How a long feud between Reed and AJC reached the mayor’s race

Mayor Kasim Reed attempting to calm protestors on the downtown connector, July 8, 2016. Photo by Dayne Francis | The Signal

In the final days of the mayoral runoff, Atlanta Mayor Kasim Reed criticized a piece by Atlanta Journal Constitution (AJC) columnist Bill Torpy for what he believes were attempts to discredit Reed’s endorsement in the mayoral race.

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The piece in question focuses on Atlanta’s participation in the Safe Cities Network, an XX organization, and the possible hypocrisy Torpy suggested it poses for the city to also maintain a lucrative partnership between the Atlanta City Detention Center and Immigration and Customs Enforcement (ICE).

To investigate the city’s relationship with the undocumented, Torpy talked to experts Azadeh Shahshahani, the legal and advocacy director of Project South and Adelina Nichols, executive director of the Georgia Latino Alliance for Human Rights. Both were upset by what seemed like only lip service to legal aid for immigrants, while the same city also profits off immigrants detainment.

Despite the Mayor’s claim that Torpy’s critique was motivated by his personal investment in the mayoral election, both candidates and the election are only mentioned briefly at the very end.

This is not the first time Torpy has received the ire of the mayor’s office. Before Mayor Reed’s most recent statement, Reed had taken aim at another article of Torpy’s focusing again on the mayoral election.

According to Torpy, he first received attention from the Mayor’s office, when in 2015 he was denied a request from the Mayor’s office to interview firemen involved in a recent rescue.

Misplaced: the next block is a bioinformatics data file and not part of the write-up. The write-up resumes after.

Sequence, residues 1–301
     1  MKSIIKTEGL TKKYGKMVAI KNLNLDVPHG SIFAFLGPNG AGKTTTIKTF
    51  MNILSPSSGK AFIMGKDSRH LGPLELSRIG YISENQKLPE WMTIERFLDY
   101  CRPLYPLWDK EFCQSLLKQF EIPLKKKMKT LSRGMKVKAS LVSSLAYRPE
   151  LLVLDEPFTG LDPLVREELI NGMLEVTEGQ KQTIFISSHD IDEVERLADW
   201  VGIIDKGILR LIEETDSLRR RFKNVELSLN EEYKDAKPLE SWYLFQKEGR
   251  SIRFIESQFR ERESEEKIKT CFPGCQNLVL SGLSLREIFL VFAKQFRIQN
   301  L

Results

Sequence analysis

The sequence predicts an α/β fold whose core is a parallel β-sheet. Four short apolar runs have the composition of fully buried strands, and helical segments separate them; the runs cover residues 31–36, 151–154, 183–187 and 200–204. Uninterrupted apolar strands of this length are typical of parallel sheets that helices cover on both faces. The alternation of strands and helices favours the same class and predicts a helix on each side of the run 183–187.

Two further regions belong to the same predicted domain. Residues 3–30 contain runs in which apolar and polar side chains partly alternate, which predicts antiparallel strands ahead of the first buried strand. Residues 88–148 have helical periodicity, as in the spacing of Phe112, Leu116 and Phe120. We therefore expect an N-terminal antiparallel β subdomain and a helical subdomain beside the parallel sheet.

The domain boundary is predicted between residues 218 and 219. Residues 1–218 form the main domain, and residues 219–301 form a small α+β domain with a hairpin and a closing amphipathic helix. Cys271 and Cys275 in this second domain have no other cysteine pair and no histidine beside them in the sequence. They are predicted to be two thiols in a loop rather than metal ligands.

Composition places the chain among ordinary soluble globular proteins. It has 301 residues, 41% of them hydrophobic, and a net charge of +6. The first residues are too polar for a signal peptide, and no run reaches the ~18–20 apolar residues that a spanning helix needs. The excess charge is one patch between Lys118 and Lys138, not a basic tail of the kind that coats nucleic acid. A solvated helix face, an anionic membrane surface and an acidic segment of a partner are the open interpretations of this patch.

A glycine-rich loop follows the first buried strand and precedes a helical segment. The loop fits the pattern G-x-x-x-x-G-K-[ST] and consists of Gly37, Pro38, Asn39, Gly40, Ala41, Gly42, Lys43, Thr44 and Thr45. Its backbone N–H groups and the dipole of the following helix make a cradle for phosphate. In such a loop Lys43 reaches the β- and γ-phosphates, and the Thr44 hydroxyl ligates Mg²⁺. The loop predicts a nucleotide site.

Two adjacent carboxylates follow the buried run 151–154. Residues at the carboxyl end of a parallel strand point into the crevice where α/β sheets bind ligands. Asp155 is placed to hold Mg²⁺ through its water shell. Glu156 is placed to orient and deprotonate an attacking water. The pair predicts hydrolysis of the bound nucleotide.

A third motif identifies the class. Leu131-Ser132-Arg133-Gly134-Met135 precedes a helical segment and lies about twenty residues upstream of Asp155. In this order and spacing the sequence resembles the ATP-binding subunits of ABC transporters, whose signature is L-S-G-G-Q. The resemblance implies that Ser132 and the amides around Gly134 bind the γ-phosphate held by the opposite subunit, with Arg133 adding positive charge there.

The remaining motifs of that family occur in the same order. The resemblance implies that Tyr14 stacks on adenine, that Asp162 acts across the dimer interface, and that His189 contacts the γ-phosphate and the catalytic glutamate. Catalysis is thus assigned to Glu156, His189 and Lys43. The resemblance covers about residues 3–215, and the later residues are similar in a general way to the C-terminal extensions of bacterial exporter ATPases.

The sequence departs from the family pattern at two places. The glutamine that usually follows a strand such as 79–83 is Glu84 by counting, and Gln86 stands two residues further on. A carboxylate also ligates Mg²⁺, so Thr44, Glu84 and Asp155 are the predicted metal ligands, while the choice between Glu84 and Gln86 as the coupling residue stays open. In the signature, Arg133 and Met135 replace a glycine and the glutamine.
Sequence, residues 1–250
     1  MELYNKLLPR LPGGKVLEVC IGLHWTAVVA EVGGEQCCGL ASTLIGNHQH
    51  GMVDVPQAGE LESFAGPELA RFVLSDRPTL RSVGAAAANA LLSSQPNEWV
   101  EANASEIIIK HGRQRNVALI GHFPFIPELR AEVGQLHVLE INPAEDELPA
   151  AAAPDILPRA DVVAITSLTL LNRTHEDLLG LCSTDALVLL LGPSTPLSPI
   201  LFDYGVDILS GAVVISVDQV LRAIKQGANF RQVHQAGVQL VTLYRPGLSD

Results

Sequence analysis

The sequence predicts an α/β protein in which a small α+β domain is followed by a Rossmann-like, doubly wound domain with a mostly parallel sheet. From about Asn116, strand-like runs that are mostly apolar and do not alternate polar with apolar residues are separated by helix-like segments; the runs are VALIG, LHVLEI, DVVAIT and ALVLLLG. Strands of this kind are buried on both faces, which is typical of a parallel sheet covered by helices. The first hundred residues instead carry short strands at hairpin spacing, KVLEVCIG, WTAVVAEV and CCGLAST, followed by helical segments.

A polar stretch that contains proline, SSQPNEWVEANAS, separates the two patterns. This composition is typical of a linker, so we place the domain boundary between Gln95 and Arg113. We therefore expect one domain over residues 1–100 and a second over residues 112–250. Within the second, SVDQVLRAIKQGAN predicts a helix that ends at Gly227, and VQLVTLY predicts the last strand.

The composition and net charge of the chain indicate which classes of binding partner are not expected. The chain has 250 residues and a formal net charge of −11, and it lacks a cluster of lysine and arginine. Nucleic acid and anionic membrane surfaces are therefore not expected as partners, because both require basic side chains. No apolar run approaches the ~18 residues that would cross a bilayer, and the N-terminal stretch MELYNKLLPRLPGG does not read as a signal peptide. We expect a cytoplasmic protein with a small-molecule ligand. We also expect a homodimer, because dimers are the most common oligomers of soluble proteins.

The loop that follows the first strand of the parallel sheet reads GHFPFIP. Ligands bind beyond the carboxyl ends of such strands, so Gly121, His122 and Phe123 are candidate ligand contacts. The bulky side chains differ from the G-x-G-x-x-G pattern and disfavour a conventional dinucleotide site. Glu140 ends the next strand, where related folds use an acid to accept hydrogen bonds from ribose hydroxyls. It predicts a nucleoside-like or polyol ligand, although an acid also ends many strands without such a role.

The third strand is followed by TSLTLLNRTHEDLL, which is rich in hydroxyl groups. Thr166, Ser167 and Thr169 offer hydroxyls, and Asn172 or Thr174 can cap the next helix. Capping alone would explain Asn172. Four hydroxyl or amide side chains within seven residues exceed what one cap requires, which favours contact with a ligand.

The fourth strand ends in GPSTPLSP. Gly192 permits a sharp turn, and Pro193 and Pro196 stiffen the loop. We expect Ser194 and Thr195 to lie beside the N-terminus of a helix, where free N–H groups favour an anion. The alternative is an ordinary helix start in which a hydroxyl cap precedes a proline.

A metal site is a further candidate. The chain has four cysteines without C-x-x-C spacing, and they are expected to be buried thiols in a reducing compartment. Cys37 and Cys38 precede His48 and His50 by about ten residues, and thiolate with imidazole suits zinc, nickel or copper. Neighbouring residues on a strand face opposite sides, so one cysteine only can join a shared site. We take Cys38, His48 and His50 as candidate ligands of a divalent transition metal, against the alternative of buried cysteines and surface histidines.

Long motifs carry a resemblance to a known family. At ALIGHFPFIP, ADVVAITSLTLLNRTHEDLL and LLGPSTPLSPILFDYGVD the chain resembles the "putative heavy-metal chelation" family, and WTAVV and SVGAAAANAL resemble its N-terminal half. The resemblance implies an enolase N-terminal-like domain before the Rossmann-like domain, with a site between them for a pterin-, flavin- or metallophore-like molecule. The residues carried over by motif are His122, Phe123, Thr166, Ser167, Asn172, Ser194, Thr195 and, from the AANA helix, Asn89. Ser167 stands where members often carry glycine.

Firefighters were a sore subject for the mayor’s office at the time. A 2011 lawsuit from the Police and Fire departments over a 5 percent pension cut was currently on appeal. Mayor Reed was denying public safety workers any raises while the lawsuit lasted.

When he requested an interview from the Fire department’s PR office, he was told his request was pulled and he’d have to speak with the mayor’s office. There, he was asked whether his story would focus on the Fire department’s raises.

“You know strangely I hadn’t even thought of that,” Torpy said. “Simply put, I was just looking at a hero fireman story and I said ‘well they’re big boys they can talk about whatever they want to talk about.’”

Torpy is confident Reed’s comments won’t detract from the success or credibility of his column.

“I think that readers have benefited from (and enjoyed) someone pushing back against the mayor. Pushing back against the mayor has been so infrequent in many other corners of the city.”

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